As far as photography, there is going to be a point when adding pixels does not matter anymore. At what point that comes is a subjective line that each photographer will decide. Fortunately, pixel peeping will keep folks buying. We are at points where people are unhappy with what they have, even though in any practical terms it is not going to make a blind bit of difference--if you want to see the OCD just go to Luminous Landscapes.

    I am not certain that cameras can continue to improve like computers. You cannot pack an infinite number of pixels on a chip. Lens technology has very real limits in terms of what it can do and the reality of producing it. Increasing storage from 100GB to 100TB may have practical uses--at work I could fill up 100GB with 50 files easily. Increasing sensors from say 40MP to 400MP would be fairly useless--except in the mind of the consumer and folks at LL.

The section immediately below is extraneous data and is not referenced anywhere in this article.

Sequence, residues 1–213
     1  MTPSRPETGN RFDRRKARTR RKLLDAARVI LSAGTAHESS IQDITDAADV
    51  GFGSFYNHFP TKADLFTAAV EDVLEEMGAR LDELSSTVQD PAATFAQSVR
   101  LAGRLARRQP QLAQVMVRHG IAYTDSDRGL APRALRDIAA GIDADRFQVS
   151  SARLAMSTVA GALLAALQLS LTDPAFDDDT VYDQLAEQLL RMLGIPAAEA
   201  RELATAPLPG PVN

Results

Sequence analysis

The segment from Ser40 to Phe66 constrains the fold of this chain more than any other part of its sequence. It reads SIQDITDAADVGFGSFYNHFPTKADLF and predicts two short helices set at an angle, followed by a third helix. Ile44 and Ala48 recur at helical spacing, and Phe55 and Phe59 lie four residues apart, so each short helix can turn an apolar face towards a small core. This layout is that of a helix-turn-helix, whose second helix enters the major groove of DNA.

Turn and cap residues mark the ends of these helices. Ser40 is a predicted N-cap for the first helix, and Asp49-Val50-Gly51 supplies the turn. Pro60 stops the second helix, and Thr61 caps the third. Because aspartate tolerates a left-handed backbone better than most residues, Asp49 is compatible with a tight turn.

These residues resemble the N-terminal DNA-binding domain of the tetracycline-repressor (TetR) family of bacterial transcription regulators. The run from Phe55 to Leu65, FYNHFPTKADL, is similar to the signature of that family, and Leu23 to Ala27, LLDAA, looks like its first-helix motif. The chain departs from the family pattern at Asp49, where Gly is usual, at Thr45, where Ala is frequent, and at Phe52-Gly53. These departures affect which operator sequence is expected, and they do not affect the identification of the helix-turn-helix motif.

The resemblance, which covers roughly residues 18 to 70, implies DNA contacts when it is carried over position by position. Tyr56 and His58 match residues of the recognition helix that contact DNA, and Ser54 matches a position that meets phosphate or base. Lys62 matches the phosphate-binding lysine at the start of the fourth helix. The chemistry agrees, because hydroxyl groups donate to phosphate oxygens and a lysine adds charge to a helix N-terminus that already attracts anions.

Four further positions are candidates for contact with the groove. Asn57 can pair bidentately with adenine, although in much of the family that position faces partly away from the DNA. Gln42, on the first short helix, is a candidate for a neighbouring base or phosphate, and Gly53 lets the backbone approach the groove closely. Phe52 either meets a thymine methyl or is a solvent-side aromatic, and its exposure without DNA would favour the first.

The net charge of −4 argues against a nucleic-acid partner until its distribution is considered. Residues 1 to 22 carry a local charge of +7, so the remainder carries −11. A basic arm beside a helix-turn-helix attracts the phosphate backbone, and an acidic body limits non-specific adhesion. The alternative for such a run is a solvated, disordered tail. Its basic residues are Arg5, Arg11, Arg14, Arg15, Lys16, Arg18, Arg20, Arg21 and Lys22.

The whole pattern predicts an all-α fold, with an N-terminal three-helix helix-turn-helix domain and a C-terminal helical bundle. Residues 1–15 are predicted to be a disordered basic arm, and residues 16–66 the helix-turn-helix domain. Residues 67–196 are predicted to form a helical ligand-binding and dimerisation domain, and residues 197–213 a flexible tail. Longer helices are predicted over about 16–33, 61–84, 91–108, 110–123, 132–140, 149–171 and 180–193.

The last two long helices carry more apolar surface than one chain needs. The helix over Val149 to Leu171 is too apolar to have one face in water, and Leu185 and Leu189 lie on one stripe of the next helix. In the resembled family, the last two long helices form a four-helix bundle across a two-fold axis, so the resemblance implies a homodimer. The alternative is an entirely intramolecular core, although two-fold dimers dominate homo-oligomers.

• Like Like x 2
  8. Fiddler

    Fiddler Mu-43 Veteran

    Just daydreaming a bit... thinking that what would change the game would have to be some major revolution in sensor design... It must be in the works...

    All the best,

  9. Streetshooter

    Streetshooter Administrator Emeritus

    Dec 15, 2009
    Phila, Pa USA
    I just uploaded images from the last 40 some odd years to Flickr.
    My vision has remained basically in tact.
    That's all I care about.
    Cameras/lenses come and go but you must remain true to your vision.